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About Porto Alegre:
Porto Alegre, capital of the state of Rio Grande do Sul, is the 10th largest city in the country and has the 4th largest metropolitan area, with almost 4 million inhabitants. It is one of the most important economic areas of the country. The local culture is very valued, as evidenced by the chimarrão (a special kind of tea, known in Argentina as maté), the traditional music, and the flags of Rio Grande do Sul flown throughout the city. It also has an intense nightlife, with university students flocking to the Cidade Baixa on Fridays and Saturdays.
The city has beautiful urban parks, like Farroupilha Park in Redenção, and the Moinhos de Vento Park, also known as Parcão (Grand Park). Sitting on the grass and killing time drinking chimarrão is an everyday activity of the locals. Another capital of the gauchos is the Mercado Público Municipal, where it’s possible to buy regional products and experiment with the local cooking. Watching a sunset from the Usina do Gasômetro, on the edge of Guaíba, is a must-see for visitors. For soccer fanatics, stop by the museums of Internacional and Grêmio. To get to these places, it is recommended to take the bus’s Tourism Line (Linha Turismo).
Porto Alegre is not well known as a place to shop, but it has many shopping centers, like the Iguatemi or Barra Shopping Sul. For popular shopping, try the downtown area. Artisans can be found at the fairs in Praça da Alfândega, Brique da Redenção, and Mercado Público.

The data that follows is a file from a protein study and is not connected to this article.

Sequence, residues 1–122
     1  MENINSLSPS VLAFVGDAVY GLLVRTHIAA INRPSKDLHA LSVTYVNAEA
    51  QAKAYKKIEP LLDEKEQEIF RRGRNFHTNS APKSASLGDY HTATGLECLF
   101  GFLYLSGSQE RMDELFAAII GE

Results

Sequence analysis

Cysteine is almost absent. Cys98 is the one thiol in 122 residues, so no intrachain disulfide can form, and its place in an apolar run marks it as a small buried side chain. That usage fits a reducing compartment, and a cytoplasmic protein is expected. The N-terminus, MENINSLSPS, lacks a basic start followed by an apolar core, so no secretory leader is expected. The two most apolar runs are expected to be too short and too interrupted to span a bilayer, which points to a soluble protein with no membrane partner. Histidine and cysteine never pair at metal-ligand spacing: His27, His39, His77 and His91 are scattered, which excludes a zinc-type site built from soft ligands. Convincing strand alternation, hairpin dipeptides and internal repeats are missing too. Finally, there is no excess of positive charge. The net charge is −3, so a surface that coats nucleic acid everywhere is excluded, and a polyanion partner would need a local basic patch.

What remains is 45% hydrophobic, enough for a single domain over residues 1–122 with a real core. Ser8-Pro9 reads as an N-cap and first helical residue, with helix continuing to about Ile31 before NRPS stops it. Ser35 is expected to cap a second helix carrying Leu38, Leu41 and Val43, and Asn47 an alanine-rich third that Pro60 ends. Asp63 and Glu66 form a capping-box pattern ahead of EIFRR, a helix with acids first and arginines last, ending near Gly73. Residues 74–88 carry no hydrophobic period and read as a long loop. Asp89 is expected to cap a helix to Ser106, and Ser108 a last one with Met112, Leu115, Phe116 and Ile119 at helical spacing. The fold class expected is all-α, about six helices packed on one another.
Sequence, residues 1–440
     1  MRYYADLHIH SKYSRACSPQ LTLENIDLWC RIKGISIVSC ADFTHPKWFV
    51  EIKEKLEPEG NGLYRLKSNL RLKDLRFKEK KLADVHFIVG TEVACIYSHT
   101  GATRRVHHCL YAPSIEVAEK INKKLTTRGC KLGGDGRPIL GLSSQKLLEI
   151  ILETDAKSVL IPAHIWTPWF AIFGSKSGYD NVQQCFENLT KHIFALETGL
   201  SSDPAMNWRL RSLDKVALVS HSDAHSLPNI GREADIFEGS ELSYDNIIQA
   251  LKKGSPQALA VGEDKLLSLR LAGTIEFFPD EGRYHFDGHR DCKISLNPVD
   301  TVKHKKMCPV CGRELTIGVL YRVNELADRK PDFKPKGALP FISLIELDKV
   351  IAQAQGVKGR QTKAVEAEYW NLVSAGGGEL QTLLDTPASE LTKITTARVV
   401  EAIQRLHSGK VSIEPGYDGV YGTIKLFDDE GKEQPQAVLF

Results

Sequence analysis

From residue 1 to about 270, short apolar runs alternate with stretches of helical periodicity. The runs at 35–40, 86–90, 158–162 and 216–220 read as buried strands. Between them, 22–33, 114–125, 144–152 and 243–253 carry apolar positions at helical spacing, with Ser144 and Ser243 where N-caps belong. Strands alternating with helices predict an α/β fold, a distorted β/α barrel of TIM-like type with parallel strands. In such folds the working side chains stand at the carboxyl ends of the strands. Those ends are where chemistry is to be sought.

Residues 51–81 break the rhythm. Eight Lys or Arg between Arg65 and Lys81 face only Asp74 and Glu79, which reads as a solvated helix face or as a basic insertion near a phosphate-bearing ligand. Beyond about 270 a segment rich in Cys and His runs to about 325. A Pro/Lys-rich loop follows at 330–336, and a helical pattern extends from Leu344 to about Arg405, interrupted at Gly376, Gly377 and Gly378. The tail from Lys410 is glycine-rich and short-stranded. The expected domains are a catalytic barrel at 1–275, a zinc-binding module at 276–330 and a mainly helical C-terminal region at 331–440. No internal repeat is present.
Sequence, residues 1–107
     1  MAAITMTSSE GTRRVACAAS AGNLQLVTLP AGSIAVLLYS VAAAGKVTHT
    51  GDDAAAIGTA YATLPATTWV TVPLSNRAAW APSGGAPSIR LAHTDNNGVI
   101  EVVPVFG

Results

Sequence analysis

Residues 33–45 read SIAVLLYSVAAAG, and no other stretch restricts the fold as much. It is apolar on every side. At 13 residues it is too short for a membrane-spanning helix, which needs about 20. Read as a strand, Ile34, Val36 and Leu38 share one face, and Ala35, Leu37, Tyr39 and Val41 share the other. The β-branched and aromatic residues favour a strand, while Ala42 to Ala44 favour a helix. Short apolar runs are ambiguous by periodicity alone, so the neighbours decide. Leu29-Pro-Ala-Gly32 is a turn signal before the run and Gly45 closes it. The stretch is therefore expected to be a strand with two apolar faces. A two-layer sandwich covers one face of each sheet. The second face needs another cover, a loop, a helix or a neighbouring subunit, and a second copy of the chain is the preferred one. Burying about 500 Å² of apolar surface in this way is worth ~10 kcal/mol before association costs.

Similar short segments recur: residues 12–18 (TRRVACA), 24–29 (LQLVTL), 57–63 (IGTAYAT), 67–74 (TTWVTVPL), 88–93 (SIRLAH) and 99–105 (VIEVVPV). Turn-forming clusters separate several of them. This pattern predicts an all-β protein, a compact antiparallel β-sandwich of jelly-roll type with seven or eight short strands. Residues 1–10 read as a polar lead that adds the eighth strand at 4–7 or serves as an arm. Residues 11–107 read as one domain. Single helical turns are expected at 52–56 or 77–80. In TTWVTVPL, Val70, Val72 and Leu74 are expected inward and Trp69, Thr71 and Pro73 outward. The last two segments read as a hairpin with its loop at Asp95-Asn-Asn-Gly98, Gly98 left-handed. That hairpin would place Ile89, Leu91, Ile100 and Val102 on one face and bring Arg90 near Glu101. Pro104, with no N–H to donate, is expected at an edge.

For those that go to Porto Alegre, it’s recommended to try to local culinary styles. Throughout the entire city, you can find the traditional “churrasco gaúcho,” or cowboy barbecue. At the Churrascaria Barranco, for example, you can try the traditional meats in an open air space, surrounded by waiters who bring the meat straight to your table. At Galpão Crioulo, you can dine with a show featuring traditional dances from Rio Grande do Sul. For those who want to avoid the barbecue, you can check out Pampa Burger, where the hamburgers are prepared on the grill with gaucho ingredients, like chimichurri. There’s also asian cooking which can be found at restaurants like Koh Pee Pee.
Porto Alegre, even though it is safer than most other Brazilian cities, also has its risks. Avoid dark and deserted places and don’t show off your cellphone or camera. Purses and bags should be kept in view, and take a taxi at night.
The transit in Porto Alegre is much better than cities like Rio de Janeiro and São Paulo, but it does have its complications. It is hard to find open spots on the street downtown, so private parking stations are almost always a must. The subway only serves a small part of the city. Road travel is plentiful, but not always comfortable and punctual, and taxis can be found easily.